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The Best Outdoor Markets in Europe: Shop Like the Locals and Soak Up the Culture

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Europe’s outdoor markets are not just places to shop for antiques, art, souvenirs and great food at reasonable prices. For American visitors to Europe, they also are a memorable way to explore a foreign country’s culture. Among the markets that offer the best products and atmosphere…

PARIS

Best for food: Le Marché Raspail is a standard farmers’ market on Tuesday and Friday, but on Sunday, it becomes Le Marché Biologique Raspail, one of the city’s best organic food markets. On that day, you’ll find wonderful artisan cheeses, distinctive breads, delicious pastries and organically produced meats and produce, as well as freshly prepared foods. Try the wonderful potato-onion pancakes from Les Gallatins…paella from Interface 3000…and baked goods from the Valérie Debiais-Healey’s stand. Or just sip hot chocolate or tea from Buvette du Marché.

Details: On boulevard Raspail, between rue du Cherche-Midi and rue de Rennes in the sixth arrondissement. Sunday 9 to 3.

Best for atmosphere: Rue Mouffetard offers delicious breads, cheeses, fruits and more, but it truly stands out as the perfect place to soak up Parisian ambiance. The market dates back to 1350, and the street’s cobblestones and centuries-old buildings give it a decidedly medieval character. Try the rotisserie chicken at Boucherie Saint-Médard for a picnic lunch, or linger over a glass of wine at Cave la Bourgogne.

Details: On rue Mouffetard, between rue Calvin and rue Edouard Quénu in the Latin Quarter. Tuesday to Saturday 10 to 6, Sunday 10 to 1.

Best flea market: Le Marché aux Puces de la Porte de Vanves. There are treasures buried among the bric-a-brac—Parisian antiques dealers buy merchandise here. Even if you don’t find a masterpiece, vintage French items can make distinctive and affordable souvenirs and home décor pieces.

Details: On avenue Marc Sangnier and avenue Georges-Lafenestre in the 14th arrondissement. Saturday and Sunday 9 to 6.

Best for antiques: Le Marché aux Puces de Saint-Ouen, often called Les Puces Clignancourt, officially is a flea market, but it has evolved into a sprawling series of upscale antiques markets. It’s a great place to find distinctive home décor such as vintage lithographs and antique armchairs that you could ship home. There are hundreds of vendors—too many to see in one day.

Details: Clignancourt sprawls across several blocks, but many of the best markets are off the rue des Rosiers. Monday 11 to 5, Saturday 9 to 6, Sunday 10 to 6.

Best for art: Le Marché de la Création Edgar Quinet offers works from more than 100 undiscovered artists. Quality is uneven, but you will find plenty of beautiful works here, many for less than $100. I bought some very nice watercolors of Parisian scenes for less than $50 apiece. I also got to chat with the artist.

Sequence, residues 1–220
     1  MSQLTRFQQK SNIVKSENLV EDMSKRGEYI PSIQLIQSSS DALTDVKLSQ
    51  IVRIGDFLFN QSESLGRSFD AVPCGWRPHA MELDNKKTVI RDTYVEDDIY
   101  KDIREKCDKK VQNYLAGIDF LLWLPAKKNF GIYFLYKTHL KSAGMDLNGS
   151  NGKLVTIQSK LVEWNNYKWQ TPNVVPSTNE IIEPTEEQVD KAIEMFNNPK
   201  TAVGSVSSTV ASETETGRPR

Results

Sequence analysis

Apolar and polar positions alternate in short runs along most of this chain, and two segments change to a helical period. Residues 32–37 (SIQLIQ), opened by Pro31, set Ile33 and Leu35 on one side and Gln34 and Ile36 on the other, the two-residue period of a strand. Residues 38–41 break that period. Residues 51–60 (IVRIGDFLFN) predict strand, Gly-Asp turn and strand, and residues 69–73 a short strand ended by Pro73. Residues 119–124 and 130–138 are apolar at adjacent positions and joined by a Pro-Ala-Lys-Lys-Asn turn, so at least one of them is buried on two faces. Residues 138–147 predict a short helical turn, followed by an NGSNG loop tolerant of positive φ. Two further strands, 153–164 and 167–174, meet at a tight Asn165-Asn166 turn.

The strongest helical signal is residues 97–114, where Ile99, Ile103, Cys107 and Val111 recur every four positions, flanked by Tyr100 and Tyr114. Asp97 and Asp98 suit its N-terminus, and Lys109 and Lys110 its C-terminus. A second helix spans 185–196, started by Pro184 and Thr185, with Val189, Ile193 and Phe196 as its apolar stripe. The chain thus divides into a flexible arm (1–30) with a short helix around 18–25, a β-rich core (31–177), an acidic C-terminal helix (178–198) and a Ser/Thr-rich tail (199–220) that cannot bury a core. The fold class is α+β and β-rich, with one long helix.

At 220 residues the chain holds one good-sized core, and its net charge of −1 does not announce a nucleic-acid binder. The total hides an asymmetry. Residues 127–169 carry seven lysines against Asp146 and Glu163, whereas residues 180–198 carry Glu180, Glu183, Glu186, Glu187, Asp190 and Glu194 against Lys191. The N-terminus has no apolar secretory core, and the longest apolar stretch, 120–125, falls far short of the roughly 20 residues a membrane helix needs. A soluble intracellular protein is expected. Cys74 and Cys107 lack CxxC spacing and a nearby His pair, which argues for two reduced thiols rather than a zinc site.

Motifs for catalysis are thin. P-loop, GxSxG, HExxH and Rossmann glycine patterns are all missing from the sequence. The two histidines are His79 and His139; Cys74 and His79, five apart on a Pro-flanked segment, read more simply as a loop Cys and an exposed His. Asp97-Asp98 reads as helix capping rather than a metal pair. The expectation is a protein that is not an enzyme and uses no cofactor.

Details: Boulevard Edgar Quinet, between rue Huyghens and rue du Départ. Sunday 10 to 7.

LONDON

Best for food: At Borough Market, you can sample exceptional British and international produce, baked goods, cheese, wine and more. It also is a great place to talk food—many stalls are manned by the skilled food producers themselves. There are plenty of delicious foods to eat on the go as well, such as the chorizo sandwich from the stall outside Tapas Brindisa…or the pork belly sandwich from Roast restaurant.

Details: This market spans several blocks near Cathedral Street and Middle Row in Borough. Thursday 11 to 5, Friday 12 to 6, Saturday 8 to 5. www.BoroughMarket.org.uk

Also: At Covent Garden Market’s Real Food Market, there are delicious artisanal cheeses, meats and breads for a picnic or pastries and cakes for dessert.

Details: Located in the East Piazza of Covent Garden, near the Royal Opera House. Thursday 11 to 7.

Best for antiques: Portobello Market actually is several street markets rolled into one along a three-mile stretch of road—and tourists unfamiliar with Portobello Market sometimes give up before they reach the world-class antiques market at the southern end, which is open only on Saturday, 6 to 5. The northern end is a somewhat scruffy flea market. Farther south is a vintage clothing market, followed by a food market. Arrive before 10 am to avoid the crowds.

Details: The antiques section of the market is on Portobello Road, between Chepstow Villas and Elgin Crescent in Notting Hill. www.PortobelloRoad.co.uk

Best for exploring London’s ethnic cultures: At Brixton Market, you can sample authentic African and Caribbean foods and shop for merchandise.

Details: Electric Avenue, Pope’s Road and Brixton Station Road in Brixton. Monday, Tuesday, Thursday, Friday and Saturday 8 to 6. Wednesday 8 to 3.

Also: Ridley Road Market offers a wide range of interesting Indian, African, Caribbean and Mediterranean foods, and plenty of general merchandise, too. It has a wonderfully energetic atmosphere.

Details: Ridley Road in Dalston. Monday through Thursday 6 to 6, Friday and Saturday 6 to 7.

For more great European markets, click here.

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Source: Marjorie R. Williams, coauthor and photographer of the new second edition of Markets of Paris (The Little Bookroom). www.MarjorieRWilliams.com Andrew Kershman, managing director of London’s Metro Publications Ltd. He is author of The London Market Guide (Metro Publications). www.MetroPublications.com Date: June 15, 2012 Publication: Bottom Line Personal
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